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Index modulation for next generation radio communications.

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Man’s insatiable desire for swift and more efficient internet service, a wide range of connectivity and increased data rate of transmission necessitated the need for further research to improve the efficiency of the existing systems. The development and evolution of the next-generation communication systems can be ascribed to the multiple-input multiple-output (MIMO) techniques implemented. The fundamental founding block of the MIMO systems is the spatial modulation (SM) which interestingly was able to attain high spectral efficiency as the receiver maintained significantly lower complexity. However, even with the feat achieved by the SM scheme, there was still a need improve on the performance of the SM scheme which meant an increase in the spectral efficiency was required, this prompted further research and a new scheme was introduced. The quadrature SM (QSM) scheme was introduced to better the performance of the conventional SM. QSM retains all the good benefits the SM scheme offers, while still enhancing the spectral efficiency and improving overall throughput. However, the demand for increased reliability, i.e., improving the QSM scheme’s error performance led to a new scheme being introduced. Space-time QSM (ST-QSM) improves the QSM scheme’s error performance by achieving second-order diversity gain for QSM. This scheme combines both the spatial dimension and diversity to the QSM scheme, bringing about a new and improved scheme. In this dissertation, a scheme was introduced to fix the high computational complexity (CC) that affects MIMO systems transmitting at high data rates. Signal orthogonal projection (OP) was employed to decrease the CC of the space-time block coded spatial modulation (STBC-SM). The proposed scheme is called STBC-SM-OP and its results were investigated by comparing it with the STBC-SM with maximum likelihood detection (STBC-SM-ML). The proposed STBC-SM-OP scheme’s error performance matched that of STBC-SM-ML tightly down to low BER whilst maintaining a low CC.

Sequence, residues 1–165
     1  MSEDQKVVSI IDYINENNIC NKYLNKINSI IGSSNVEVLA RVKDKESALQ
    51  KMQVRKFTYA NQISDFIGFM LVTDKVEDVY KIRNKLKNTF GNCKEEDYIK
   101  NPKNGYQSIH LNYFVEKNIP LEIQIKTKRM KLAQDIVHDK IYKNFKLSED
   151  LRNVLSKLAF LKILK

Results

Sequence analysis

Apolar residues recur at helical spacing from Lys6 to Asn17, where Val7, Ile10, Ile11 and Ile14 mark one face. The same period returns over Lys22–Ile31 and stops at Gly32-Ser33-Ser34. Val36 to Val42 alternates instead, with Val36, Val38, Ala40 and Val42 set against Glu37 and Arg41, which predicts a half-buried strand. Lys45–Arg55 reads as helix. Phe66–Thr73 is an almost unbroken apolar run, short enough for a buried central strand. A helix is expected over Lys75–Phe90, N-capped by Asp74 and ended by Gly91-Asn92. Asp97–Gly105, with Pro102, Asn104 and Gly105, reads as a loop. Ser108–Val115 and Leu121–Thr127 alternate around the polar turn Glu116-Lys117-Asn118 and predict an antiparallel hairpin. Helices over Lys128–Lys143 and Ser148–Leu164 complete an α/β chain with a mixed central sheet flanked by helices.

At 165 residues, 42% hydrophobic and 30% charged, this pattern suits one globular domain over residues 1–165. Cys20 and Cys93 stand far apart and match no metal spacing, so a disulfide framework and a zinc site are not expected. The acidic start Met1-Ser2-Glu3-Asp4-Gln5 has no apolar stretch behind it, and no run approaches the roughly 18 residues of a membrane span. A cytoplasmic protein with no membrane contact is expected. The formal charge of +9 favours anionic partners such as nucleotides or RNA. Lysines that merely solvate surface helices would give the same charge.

Masters Degree. University of KwaZulu- Natal, Durban.